Theatre in London has talked the talk of inclusion and diversity for aeons now. The idea that theatres should be making work for everyone and by everyone – not just posh white folks – is in part how they justify their Arts Council cash.
But was 2018 the year London theatre finally started to walk the walk? The homecoming of Kwame Kwei-Armah to the Young Vic makes him the most prominent BAME artistic director in the country, while the startling turnover of ADs elsewhere in the capital has seen a once almost exclusively male preserve creep closer to gender parity, with Lynette Linton at the Bush, Nadia Fall at Theatre Royal Stratford East, Rachel O’Riordan at the Lyric and Roxana Silbert at Hampstead.
There have been some startling strides made in the West End this year,with Arinzé Kene’s ‘Misty’ the second-ever play by a black British writer to transfer there and Natasha Gordon’s ‘Nine Night’ the third (and the first by a black British woman).But perhaps the most impressive move has come from producer Tobi Kyeremateng’s Black Ticket Project. A grassroots initiative to give free theatre tickets to young black audiences, it started 2018 small and finished the year partnering with the West End musical ‘Caroline, or Change’ to offer 500 free tickets. ‘To me, it’s achieved exactly what it was meant to achieve,’ Kyeremateng says. ‘Black young people have been able to access theatre they may not have been able to access if not for BTP. They might have loved the shows or absolutely hated them; it doesn’t really matter. The point is that they got to see them.’ She’s not getting carried away, though, noting that BTP wouldn’t be necessary if the liberal theatre establishment lived up to its professed values. ‘I don’t think it’s a particularly revolutionary initiative,’ she says. ‘Because that assumes that venues can’t do this work themselves.’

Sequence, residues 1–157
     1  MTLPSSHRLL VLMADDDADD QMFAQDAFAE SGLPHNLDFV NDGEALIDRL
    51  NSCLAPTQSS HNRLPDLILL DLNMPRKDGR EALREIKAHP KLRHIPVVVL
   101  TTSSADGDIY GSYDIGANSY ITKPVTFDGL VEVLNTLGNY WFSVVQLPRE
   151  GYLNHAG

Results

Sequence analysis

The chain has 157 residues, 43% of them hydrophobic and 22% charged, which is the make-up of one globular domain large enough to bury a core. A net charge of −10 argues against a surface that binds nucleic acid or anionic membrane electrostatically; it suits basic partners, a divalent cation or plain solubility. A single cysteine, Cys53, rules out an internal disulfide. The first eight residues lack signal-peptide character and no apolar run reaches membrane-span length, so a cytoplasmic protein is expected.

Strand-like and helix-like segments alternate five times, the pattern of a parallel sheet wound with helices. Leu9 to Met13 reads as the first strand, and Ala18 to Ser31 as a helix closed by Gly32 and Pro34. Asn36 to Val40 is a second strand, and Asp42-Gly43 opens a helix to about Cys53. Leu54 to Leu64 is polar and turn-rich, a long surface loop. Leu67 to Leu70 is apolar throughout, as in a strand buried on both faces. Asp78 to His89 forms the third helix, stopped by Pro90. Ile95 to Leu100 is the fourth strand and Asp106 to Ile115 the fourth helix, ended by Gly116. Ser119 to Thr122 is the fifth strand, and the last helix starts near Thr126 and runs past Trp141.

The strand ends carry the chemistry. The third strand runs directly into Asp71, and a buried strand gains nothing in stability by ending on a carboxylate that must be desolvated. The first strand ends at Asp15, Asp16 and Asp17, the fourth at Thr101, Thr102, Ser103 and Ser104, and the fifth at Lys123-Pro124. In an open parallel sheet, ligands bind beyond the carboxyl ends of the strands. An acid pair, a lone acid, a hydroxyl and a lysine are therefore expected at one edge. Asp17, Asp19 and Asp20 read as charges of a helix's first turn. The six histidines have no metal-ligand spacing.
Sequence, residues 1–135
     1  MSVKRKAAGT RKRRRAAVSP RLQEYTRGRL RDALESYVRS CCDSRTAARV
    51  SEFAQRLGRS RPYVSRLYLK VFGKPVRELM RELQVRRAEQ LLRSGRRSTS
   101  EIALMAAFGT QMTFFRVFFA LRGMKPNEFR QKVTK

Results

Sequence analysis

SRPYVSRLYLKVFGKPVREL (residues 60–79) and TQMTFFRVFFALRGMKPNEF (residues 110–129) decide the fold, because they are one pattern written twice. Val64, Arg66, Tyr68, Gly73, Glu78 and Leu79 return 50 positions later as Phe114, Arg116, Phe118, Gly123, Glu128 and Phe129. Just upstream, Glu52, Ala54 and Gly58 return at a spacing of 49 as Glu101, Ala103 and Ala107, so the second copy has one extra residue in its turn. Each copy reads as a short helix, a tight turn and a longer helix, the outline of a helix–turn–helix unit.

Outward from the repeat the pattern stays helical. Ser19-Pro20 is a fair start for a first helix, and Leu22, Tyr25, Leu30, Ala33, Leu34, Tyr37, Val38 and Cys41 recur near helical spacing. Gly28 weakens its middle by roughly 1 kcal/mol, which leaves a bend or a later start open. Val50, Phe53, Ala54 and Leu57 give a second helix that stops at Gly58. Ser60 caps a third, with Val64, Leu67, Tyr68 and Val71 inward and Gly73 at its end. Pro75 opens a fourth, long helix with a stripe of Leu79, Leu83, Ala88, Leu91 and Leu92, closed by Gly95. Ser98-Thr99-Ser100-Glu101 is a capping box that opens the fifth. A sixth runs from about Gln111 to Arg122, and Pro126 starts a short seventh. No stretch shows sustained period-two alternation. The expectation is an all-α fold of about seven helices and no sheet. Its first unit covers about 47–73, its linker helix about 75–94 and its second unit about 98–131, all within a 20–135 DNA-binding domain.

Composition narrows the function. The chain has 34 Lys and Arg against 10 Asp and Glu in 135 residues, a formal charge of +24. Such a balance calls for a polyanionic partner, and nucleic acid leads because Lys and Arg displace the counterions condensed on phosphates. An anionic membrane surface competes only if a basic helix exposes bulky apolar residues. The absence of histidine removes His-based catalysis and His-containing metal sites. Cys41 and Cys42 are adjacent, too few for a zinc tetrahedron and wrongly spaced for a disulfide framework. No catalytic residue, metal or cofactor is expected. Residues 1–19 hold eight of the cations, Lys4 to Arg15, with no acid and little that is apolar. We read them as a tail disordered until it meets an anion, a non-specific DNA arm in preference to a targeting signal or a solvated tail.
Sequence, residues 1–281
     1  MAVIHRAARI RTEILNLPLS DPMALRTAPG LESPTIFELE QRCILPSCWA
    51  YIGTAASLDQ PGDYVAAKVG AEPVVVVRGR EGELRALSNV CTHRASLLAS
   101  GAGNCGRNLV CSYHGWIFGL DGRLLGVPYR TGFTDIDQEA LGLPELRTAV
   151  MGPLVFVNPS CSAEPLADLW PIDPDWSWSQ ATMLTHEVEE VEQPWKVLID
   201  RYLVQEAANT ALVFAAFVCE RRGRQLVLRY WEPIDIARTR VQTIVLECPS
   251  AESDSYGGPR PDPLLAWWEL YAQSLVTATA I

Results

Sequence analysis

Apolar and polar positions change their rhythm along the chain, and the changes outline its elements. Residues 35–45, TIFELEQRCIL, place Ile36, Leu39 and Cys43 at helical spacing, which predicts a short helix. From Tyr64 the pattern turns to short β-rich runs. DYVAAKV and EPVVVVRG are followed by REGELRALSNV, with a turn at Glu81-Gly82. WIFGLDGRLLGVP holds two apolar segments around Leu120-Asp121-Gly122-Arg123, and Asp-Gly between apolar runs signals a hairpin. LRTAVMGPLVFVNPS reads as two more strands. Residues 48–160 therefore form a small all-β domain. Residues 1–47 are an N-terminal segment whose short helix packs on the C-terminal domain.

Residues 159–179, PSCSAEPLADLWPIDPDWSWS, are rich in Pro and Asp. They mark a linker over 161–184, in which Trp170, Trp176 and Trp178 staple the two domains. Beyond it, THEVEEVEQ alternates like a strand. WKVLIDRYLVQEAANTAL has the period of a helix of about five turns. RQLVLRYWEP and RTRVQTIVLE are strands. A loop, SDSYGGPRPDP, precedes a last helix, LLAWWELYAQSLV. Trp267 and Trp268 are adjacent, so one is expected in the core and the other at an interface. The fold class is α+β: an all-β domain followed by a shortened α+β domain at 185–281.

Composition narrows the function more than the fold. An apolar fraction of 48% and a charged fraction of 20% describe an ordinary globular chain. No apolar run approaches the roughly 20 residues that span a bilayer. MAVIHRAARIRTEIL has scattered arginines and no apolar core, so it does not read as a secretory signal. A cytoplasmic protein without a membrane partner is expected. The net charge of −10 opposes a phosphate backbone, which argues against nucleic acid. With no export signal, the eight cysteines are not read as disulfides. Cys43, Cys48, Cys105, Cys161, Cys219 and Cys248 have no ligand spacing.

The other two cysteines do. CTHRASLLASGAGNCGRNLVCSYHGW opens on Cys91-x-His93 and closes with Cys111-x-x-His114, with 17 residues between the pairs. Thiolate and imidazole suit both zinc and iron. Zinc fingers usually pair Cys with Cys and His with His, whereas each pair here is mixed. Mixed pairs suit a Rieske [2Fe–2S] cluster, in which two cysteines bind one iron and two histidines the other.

It’s not a surprise, then, that Kyeremateng is a little cautious about the significance of the success of ‘Misty’ and ‘Nine Night’, noting that ‘they are definitely milestones and should be celebrated as such, but the proof will really be in the consistency beyond these great shows.’ She hopes that the Black Ticket Project is just a stepping stone: ‘The ultimate, sky-blue dream is for it to become obsolete,’ she says. We can totally see her point – but the BTP is the mother of all silver linings, and we look forward to seeing what it achieves in 2019.
Read our full list of ways London changed in 2018